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Timor-bound supplies land in Darwin, Dili displaced still gripped by fear


Timor-bound supplies land in Darwin, Dili displaced still gripped by fear

A jumbo jet arrived in Darwin, northern Australia on Wednesday with some 115 tonnes of UNHCR emergency relief for Timor-Leste. In Dili, many displaced people are still too scared to return to their homes, despite the presence of foreign troops sent to restore order.
7 June 2006
UNHCR emergency relief supplies are unloaded from a Boeing-747 at Darwin in northern Australia, Wednesday. The aid will be ferried by aircraft and boat to Timor-Leste to help displaced people in and around strife-hit Dili.

DILI, Timor-Leste, June 7 (UNHCR) - A Boeing 747 bearing fresh UNHCR aid for victims of the recent unrest in Timor-Leste landed in the northern Australian city of Darwin on Wednesday morning. In Dili, many of the tens of thousands who fled fighting, arson and looting in the capital are too scared and traumatised to return home.

A second jumbo jet, also carrying about 115 tonnes of emergency relief supplies, is expected to arrive in Darwin on Thursday. A first UNHCR aid flight landed in Dili on Monday. The latest aid will be ferried from Darwin to Dili by air and by sea. An Antonov-12 is scheduled to make two flights on Thursday and one more on Friday, providing enough immediate aid for 5,000 people. The remaining supplies are expected to arrive in Dili by sea early next week.

About 13,000 displaced persons in need of this aid are housed at the Don Bosco College in Dili's Comoro district, and many do not dare return home despite the arrival of Australian, Malaysian and other foreign troops to restore and maintain peace.

Take Luizinha Pereira Carvalha. Her house near Dili airport was vandalised just over a week ago and she is too scared to return - even in daylight hours when many of Dili's displaced have begun to visit their homes or move about the city.

Carvalha spends her days caring for her four children, finding firewood and washing clothes. The Carvalhas are one of 98 families living in a shaded and airy gym on the college grounds, but there is no privacy and people use string to demarcate their own space. About 30 children crowd around Luizinha Carvalha's space, watching the television she salvaged before fleeing her home.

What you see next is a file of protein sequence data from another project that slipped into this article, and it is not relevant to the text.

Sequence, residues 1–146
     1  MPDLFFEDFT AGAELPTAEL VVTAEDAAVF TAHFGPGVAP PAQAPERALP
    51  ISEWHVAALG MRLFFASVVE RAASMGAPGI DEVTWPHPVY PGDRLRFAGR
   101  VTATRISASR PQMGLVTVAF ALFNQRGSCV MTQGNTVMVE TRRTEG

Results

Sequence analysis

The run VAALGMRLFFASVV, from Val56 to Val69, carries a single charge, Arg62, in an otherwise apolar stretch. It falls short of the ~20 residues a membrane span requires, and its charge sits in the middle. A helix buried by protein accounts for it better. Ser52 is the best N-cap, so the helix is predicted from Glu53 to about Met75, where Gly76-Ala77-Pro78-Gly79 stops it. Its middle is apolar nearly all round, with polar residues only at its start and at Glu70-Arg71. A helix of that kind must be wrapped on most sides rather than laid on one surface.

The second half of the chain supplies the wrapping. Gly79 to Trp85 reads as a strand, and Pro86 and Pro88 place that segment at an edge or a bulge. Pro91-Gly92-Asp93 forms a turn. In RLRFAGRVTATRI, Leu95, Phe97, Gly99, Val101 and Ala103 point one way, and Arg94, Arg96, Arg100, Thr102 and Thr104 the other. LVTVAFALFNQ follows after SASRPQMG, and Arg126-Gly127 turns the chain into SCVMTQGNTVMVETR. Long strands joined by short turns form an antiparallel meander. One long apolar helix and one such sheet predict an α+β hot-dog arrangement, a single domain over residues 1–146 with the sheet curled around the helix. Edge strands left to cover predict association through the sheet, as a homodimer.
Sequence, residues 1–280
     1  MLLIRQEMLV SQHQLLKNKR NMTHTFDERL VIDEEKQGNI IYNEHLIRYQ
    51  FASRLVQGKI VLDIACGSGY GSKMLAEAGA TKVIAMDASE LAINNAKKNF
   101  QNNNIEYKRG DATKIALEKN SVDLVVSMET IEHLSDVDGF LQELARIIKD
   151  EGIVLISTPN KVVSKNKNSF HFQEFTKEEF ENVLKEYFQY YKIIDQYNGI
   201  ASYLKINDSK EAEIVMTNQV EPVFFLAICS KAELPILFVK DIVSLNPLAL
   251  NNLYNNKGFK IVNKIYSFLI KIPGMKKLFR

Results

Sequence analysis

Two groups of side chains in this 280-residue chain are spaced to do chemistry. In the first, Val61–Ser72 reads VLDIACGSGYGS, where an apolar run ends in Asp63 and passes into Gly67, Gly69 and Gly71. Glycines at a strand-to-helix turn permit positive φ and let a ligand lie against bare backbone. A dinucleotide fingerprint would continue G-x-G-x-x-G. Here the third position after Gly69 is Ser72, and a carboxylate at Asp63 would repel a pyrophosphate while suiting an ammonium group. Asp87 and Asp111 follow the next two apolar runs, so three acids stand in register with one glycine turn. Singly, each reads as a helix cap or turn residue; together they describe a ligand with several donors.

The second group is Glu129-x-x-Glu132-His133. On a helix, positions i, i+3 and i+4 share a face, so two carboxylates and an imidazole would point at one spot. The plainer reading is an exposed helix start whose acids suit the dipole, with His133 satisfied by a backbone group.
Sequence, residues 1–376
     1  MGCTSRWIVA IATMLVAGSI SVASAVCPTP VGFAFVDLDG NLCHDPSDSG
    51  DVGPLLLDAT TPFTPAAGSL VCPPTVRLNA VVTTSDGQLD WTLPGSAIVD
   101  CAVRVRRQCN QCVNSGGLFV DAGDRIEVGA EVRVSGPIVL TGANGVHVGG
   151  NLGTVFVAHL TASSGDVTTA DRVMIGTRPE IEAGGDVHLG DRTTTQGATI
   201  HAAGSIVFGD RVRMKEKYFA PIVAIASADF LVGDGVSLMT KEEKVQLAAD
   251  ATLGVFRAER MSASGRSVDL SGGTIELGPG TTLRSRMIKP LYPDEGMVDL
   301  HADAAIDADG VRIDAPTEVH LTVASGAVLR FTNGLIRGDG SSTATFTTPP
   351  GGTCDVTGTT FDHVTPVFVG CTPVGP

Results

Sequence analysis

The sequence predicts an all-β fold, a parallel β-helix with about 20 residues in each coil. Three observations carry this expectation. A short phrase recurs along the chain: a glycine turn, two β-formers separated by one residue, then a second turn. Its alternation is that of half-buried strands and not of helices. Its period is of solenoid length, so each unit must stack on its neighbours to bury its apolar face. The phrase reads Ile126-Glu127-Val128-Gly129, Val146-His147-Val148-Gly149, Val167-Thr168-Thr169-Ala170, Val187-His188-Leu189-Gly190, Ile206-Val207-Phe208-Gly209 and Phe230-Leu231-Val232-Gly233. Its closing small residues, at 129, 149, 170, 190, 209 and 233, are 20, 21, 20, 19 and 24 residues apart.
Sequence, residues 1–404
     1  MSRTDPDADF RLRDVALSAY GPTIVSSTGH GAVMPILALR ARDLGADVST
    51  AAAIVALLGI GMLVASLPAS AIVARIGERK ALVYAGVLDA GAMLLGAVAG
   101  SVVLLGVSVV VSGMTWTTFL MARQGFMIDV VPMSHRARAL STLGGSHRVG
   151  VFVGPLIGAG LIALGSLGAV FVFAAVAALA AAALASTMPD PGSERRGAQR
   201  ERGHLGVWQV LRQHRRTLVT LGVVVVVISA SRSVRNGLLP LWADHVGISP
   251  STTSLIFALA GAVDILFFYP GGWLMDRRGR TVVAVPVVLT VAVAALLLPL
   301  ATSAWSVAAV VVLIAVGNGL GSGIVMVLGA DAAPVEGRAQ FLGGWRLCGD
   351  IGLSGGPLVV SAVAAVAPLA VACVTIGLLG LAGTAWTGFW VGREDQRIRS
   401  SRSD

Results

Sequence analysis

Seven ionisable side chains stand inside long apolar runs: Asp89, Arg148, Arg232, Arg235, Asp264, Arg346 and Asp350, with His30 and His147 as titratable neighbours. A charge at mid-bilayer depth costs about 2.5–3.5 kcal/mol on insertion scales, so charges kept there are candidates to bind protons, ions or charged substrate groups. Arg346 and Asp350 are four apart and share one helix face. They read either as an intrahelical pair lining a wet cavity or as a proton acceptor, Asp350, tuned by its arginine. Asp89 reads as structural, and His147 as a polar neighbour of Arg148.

Carvalha said she would only go back when she feels there is adequate security in place, and she believed this was only possible with the help of foreign troops and following a political solution. "Our leaders in government need to go hand-in-hand to settle this problem, so we can return to our homes," she said.

Father Thomas Alves, a priest at the college, said people were still afraid and confused despite the presence of the international military force. "People have been here now for more than one month, but few leaders have come to see their suffering," he said. "Even with a peace-keeping force on the ground, there is no guarantee of security.... We don't know when people can go home."

An estimated 100,000 people are displaced in Timor-Leste. About 65,000 are living in some 40 encampments in Dili, while a further 35,000 have fled to the countryside. Don Bosco College has become Dili's largest site for the displaced.

The college's headmaster, Brother Adriano M. de Jesus, said 1,847 families comprising more than 13,200 people had been registered at the site since April 28. He said that while people generally felt safe, the arrival of 30 Malaysian troops to guard Don Bosco College on Tuesday was welcomed.

The Don Bosco College authorities have established seven voluntary groups among the residents to carry out registration and food distribution. Another group of 150 people, representatives of villages and family groups, deal with security issues and help prevent conflict within the camp.

Modesto da Costa, 25, said about half of those in the camp came from the west of the country and half from the east. Tension between people of the two regions is largely blamed for the violence that first erupted in late April. But da Costa said the volunteers did not discriminate, adding: "Here we all work together and we help everyone."

Around 115 tonnes of UNHCR emergency relief supplies including tents, plastic sheeting and jerry cans, about to be unloaded from a UNHCR-chartered cargo plane in the northern Australian city of Darwin on Wednesday. The aid will be ferried by aircraft and boat to Timor-Leste.

Father Adriano and his colleagues have also established programmes and services to ease life for their charges, including a medical clinic, cash-for-work programmes and a school. A soccer competition is planned to coincide with this month's World Cup.

But the camp is overcrowded and there are concerns about water, sanitation and fuel for cooking. UNHCR site planners and protection staff visited Don Bosco on Wednesday to see how the refugee agency can help alleviate the problems. They are considering the feasibility of setting up additional shelters within the college grounds to ease congestion.

By Ariane Rummery in Dili, Timor-Leste